Friday, August 21, 2009

Selection criteria, Zipf's law and the Pareto Principle

My blog post on Wednesday talked about using Zipf's law as a way of deciding what to digitize. According to Walt Crawford, he has argued using the Pareto Principle for determining what is popular vs. the exceptional items. While the Pareto Principle and Zipf's law are very different, you can see how each could be used in creating selection criteria.

Custer - using Zipf's law - focused on trying to satisfy 70% of user needs. Crawford, however, argues that the obscure items are "exactly what needs to be digitized...It's the oddball stuff that will disappear otherwise..." This is very different than trying to satisfy a large number of user requests.

What's your take on this? Do you want to satisfy the most user requests or provide access to important obscure items in your collection? Which would benefit your institution more?

BTW Crawford's article on this appeared in American Libraries, June/July 2001, p. 72. (v. 32, n. 6).

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Ben said...

"the oddball stuff that will disappear otherwise..."

I may be misunderstanding this or just reading it out of context, but this philosophy sounds like it's treating digitization as a preservation tool. A lot of what we do in archives is driven, quite simply, by use. For our institution it makes much more sense to use digitization to provide access to the greatest possible number of users rather than focus our efforts on preserving what is most at risk.

Susan D'Entremont said...

This is a tough one. Lucky for me, I don't have to make this decision - we leave it up to our participants! We have organizations using both principles when choosing what to digitize. Although, honestly, most of our participants are small, so they have begun by choosing items that are the easiest to digitize and have no ownership issues. (Is there a law or principle for that approach?)

I didn't read the comment about the "oddball" stuff the same way Ben did. I'm thinking more of the wierd stuff that we know about as archivists but that people don't use because they don't know it's there. Even if we make good finding aids, the general public may not even think to LOOK for it.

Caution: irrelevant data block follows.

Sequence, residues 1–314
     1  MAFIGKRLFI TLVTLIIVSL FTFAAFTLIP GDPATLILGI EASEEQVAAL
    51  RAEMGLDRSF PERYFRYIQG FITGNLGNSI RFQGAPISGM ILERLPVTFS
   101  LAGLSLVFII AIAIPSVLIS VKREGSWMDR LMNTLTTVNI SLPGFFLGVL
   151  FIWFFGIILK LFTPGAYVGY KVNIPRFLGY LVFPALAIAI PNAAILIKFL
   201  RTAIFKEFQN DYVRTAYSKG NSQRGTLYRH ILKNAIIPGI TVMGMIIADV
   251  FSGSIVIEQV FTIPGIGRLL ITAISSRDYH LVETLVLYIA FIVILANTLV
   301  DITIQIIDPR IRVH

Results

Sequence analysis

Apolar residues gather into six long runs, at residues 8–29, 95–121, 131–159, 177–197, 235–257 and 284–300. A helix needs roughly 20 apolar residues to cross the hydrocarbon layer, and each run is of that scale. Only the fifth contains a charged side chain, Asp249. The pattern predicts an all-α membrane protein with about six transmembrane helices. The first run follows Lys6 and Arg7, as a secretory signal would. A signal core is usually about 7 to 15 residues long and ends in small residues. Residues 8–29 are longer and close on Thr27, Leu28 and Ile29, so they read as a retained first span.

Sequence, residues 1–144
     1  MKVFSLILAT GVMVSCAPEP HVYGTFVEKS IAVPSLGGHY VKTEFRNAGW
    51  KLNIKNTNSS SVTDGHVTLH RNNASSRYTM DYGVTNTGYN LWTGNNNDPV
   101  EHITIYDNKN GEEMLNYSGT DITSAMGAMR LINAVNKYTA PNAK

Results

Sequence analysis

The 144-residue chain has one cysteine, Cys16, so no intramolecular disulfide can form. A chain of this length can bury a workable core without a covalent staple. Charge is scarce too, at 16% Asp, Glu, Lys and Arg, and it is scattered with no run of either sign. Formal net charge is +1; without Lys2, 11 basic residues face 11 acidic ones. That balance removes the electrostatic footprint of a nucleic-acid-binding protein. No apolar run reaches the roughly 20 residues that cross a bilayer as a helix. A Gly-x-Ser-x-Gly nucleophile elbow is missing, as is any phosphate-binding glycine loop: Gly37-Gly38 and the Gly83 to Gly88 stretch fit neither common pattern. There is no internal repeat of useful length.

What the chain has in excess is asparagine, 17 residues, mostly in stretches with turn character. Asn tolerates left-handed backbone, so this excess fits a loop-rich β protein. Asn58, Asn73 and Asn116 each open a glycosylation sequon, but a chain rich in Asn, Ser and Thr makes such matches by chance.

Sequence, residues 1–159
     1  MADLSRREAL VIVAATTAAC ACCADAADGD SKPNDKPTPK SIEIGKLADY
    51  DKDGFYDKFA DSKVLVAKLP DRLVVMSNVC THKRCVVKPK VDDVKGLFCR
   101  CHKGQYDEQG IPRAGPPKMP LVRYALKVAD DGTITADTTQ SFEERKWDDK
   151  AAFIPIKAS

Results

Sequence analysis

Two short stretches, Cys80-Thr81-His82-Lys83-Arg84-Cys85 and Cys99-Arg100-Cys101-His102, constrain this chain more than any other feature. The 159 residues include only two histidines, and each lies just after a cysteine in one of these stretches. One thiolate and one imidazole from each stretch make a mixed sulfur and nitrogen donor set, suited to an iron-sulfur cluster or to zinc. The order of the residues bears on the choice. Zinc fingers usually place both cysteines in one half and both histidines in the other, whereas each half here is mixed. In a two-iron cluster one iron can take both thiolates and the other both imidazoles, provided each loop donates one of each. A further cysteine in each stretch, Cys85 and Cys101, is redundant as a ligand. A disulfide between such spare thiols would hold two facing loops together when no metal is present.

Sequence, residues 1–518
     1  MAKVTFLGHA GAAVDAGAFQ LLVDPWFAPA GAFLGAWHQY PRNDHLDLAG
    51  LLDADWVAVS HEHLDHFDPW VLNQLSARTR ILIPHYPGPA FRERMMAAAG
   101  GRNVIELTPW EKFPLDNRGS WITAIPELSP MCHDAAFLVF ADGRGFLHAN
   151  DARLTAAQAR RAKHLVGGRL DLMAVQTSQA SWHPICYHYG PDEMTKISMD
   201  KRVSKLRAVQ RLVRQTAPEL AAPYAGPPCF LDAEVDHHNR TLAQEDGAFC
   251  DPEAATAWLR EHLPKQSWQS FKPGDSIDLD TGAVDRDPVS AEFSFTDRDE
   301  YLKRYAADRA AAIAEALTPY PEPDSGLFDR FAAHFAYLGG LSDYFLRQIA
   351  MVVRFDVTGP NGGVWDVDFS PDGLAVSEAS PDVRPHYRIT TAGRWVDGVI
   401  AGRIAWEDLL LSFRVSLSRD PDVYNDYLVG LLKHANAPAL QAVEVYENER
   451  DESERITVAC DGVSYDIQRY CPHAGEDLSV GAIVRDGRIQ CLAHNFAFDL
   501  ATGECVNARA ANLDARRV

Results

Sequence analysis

Digitization, at least so far, seems to be making material much more accessible to the general, browsing, public than other access methods do, so sometimes it's worth taking the risk to digitize things that aren't used much in your repository if you think that people would just love this stuff if they only knew it was there.

Mark Custer said...

Hi Jill,

I just noticed these two blog posts, so I thought that I would quickly respond.

First, thank you for posting information about the Crawford article. Pareto, Bradford, and (perhaps most notably) Richard Trueswell are all names that have been used in library literature to discuss these sorts of 80/20 power law distributions.

And, I'll try to expand later about the reason that I choose to invoke Zipf's name instead, but for now I'm just going to clarify my point about "mass representation."

"Mass representation" is a prioritization strategy that can be enacted, I think, by any institution that has digitization aims (be those large or small). First and foremost, though, information about their collections needs to be made available (which is why I push for the creation of EAD finding aids as soon as a new collection is accessioned). After that, you can collect data about these collections, both in the reading room and on the web. Using that data, you can then pinpoint the most frequently found/requested collections. And, if you prominently display digitized material from these high-use collections, you'll have the LARGEST impact possible for the LEAST amount of work. That's it, really.

This is not to say, though, that we should or shouldn't cater to the majority or to the minority (of our users or of our collections). In fact, it doesn't remove all of the selection decisions involved; it just helps to focus those decisions.

Jill Hurst-Wahl said...

Mark, thank you for the clarification. Your conference session sparked email, FriendFeed and blog "conversations" (and those are always a good thing).

What you are advocating is indeed an interesting way of going about the selection process. Much better than not knowing what to digitize and more focused than digitize everything. You are advocating that the right things be digitized and giving a strategy for doing that!